Name: Ch'ng Yit Seong
Number Matric: 20102040442
Topic: Matter

Saturday, 26 November 2011

The Changing State

Sometimes a liquid can be sitting in one place (maybe a puddle) and its molecules will become a gas. That's the process called evaporation. It can happen when liquids are cold or when they are warm. It happens more often with warmer liquids. Evaporation is all about the energy in individual molecules, not about the average energy of a system. The average energy can be low and the evaporation still continues.

You might be wondering how that can happen when the temperature is low. It turns out that all liquids can evaporate at room temperature and normal air pressure. Evaporation happens when atoms or molecules escape from the liquid and turn into a vapor. Not all of the molecules in a liquid actually have the same energy.

The energy you can measure with a thermometer is really an average of all the molecules in the system. There are always a few molecules with a lot of energy and some with barely any energy at all. The molecules with a lot of energy are able to build up enough power to become a gas. Once they reach that energy level, they can leave the liquid. When the molecule leaves, it has evaporated.

The rate of evaporation can also increase with a decrease in the gas pressure around a liquid. Molecules like to move from areas of higher pressure to lower pressure. The molecules are basically sucked into the surrounding area to even out the pressure. Once the vapor pressure of the area increases to a specific level, the rate of evaporation will slow down.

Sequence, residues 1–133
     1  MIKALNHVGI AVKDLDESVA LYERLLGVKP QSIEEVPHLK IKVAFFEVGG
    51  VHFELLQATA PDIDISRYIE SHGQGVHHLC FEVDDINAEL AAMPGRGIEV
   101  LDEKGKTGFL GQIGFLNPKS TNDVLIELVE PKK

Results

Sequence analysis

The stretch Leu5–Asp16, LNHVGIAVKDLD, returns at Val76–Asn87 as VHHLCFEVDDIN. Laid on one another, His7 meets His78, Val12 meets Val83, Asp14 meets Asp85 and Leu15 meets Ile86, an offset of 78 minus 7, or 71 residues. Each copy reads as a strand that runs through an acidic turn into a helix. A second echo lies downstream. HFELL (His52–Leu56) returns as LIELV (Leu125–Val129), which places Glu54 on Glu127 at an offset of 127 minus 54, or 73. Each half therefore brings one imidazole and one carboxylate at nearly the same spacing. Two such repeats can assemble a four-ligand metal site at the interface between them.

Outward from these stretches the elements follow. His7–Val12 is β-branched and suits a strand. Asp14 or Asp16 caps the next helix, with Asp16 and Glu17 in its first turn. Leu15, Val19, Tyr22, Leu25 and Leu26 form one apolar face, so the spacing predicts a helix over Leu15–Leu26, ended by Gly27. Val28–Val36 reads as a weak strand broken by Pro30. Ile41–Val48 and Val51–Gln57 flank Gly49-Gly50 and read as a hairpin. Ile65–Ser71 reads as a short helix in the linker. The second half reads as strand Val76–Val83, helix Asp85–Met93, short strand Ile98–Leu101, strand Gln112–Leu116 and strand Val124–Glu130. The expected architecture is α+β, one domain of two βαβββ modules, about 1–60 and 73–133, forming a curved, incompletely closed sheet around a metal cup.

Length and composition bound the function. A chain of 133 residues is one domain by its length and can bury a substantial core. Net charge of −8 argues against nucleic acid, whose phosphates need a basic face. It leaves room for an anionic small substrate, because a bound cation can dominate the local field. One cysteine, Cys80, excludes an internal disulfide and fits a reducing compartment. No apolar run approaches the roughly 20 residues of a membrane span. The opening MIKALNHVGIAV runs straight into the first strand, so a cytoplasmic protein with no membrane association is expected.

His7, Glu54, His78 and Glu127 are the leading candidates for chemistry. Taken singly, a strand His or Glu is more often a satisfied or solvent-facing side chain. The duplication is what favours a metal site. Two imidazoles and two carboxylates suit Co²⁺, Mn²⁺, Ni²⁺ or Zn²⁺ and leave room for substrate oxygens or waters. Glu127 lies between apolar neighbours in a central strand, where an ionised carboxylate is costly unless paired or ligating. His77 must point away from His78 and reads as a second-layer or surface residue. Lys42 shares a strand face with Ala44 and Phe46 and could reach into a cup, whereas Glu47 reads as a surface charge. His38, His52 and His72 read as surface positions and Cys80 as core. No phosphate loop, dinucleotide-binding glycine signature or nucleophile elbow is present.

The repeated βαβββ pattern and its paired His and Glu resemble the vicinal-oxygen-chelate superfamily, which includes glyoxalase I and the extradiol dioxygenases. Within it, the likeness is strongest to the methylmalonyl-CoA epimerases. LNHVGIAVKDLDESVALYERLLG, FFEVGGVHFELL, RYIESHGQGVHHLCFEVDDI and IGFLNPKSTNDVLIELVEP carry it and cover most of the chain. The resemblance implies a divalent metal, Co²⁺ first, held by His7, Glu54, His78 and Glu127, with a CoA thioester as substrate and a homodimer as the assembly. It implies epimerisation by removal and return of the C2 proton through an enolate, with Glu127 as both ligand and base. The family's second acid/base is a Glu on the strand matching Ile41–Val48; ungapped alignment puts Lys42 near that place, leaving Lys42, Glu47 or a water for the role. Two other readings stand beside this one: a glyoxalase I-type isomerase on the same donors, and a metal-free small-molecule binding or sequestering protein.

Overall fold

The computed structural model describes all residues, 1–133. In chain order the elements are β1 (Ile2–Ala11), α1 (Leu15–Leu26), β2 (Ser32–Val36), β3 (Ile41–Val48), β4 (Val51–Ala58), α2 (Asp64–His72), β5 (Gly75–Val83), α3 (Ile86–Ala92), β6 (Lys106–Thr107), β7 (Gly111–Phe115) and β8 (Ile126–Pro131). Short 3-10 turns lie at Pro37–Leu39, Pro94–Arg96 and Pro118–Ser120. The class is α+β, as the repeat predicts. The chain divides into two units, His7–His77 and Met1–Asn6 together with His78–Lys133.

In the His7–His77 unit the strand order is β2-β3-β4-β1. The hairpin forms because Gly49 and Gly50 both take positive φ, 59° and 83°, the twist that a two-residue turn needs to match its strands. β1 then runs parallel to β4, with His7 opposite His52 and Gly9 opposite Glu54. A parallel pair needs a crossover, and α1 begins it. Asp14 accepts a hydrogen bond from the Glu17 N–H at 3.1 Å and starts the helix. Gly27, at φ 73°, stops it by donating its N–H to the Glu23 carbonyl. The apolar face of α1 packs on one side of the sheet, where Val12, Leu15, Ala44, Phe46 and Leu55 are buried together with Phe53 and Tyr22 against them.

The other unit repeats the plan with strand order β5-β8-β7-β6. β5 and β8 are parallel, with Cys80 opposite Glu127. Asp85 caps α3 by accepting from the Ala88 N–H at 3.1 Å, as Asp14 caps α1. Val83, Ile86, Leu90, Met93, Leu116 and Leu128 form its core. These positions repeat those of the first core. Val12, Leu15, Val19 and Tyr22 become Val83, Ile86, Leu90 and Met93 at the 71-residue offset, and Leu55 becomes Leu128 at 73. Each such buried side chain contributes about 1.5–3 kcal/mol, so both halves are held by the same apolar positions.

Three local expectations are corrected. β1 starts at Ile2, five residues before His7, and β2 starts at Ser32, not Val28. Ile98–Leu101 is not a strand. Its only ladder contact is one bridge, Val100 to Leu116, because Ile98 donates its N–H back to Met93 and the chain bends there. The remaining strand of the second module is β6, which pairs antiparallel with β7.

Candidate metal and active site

Freezing or solidification is a phase change in which a liquid turns into a solid when its temperature is lowered below its freezing point. The reverse process is melting.

All known liquids, except liquid helium, freeze when the temperature is lowered enough. Liquid helium remains liquid at atmospheric pressure even at absolute zero, and can be solidified only under pressure. For most substances, the melting and freezing points are the same temperature; however, certain substances possess differing solid–liquid transition temperatures. For example, agar displays a hysteresis in its melting and freezing temperatures. It melts at 85 °C (185 °F) and solidifies from 31 °C to 40 °C (89.6 °F to 104 °F).

Sublimation is the process of transition of a substance from the solid phase to the gas phase without passing through an intermediate liquid phase (can also occur in opposite order, such as in Hoar frost). Sublimation is an endothermic phase transition that occurs at temperatures and pressures below a substance's triple point in its phase diagram.

At normal pressures, most chemical compounds and elements possess three different states at different temperatures. In these cases, the transition from the solid to the gaseous state requires an intermediate liquid state. Note, however, that the pressure referred to here is the partial pressure of the substance, not the total (e.g., atmospheric) pressure of the entire system. So, all solids that possess an appreciable vapor pressure at a certain temperature usually can sublime in air (e.g., ice just below 0°C). For some substances, such as carbon and arsenic, sublimation is much easier than evaporation from the melt, because the pressure of their triple point is very high, and it is difficult to obtain them as liquids.